President willing to take gradual approach to immigration reform

With immigration reform legislation stalled in the House, and Republican leaders stating their unwillingness to move forward on a comprehensive solution, President Barack Obama recently said that he would be open to taking a step-by-step approach to the issue.

President changes his tune
On Tuesday, Nov. 19, the president talked about immigration reform in an interview at The Wall Street Journal CEO Council. In response to House Republicans’ insistence that the comprehensive reform bill passed by the Senate over the summer was not acceptable, the president said that he would be willing to take the more gradual approach favored by the opposition, as long as it ended up accomplishing the same goals.

“If they want to chop that thing up into five pieces, as long as all five pieces get done, I don’t care what it looks like,” Obama told the gathering of business executives. “What we don’t want to do is simply carve out one piece of it … but leave behind some of the tougher stuff that still needs to get done. … We’re not going to have a situation in which 11 million people are still living in the shadows and potentially getting deported on an ongoing basis.”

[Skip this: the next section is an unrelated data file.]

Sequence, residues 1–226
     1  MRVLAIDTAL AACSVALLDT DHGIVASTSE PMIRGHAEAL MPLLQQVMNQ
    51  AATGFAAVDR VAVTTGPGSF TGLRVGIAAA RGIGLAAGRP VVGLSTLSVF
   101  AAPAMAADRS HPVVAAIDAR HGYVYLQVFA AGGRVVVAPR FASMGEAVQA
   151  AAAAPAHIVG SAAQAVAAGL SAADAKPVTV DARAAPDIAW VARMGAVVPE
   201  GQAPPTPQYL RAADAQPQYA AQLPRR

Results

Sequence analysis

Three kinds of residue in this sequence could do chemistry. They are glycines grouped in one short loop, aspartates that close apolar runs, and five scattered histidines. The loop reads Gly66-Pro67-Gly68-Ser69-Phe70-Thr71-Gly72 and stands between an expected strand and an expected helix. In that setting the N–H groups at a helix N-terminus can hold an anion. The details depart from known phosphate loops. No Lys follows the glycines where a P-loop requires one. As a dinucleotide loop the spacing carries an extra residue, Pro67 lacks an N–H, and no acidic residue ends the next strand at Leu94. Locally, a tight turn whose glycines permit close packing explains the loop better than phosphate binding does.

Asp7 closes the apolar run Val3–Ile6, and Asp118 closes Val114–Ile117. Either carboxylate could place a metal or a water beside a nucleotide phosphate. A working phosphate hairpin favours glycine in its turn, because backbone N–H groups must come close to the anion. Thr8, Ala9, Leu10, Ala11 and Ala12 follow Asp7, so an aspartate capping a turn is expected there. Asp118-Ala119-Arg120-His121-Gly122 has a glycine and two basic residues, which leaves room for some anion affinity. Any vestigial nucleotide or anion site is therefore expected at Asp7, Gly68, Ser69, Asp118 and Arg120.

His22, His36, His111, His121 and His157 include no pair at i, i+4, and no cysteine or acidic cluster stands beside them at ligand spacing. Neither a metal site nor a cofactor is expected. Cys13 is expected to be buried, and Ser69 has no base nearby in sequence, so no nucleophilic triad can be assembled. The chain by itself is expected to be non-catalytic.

House Republicans reaffirm their stance
Rep. Paul Ryan, R-Wis., took the stage at the conference soon after the president left. In his own remarks, Ryan reasserted Republicans’ belief that there wasn’t enough time left in 2013 to get immigration reform done.

Conservative lawmakers in both chambers of Congress have described the 13-year path to citizenship measure contained in the Senate bill as “amnesty,” a stance that is making the passage of any comprehensive reform extremely difficult. And that has raised the anger of reform advocates.

“Despite months of backroom discussions and promises, we have yet to see House Republicans’ proposal on a path to citizenship for aspiring Americans,” Lynn Tramonte, deputy director of America’s Voice, an immigration advocacy organization based in Washington, D.C., told the International Business Times. “The ball is in House Republicans’ court.”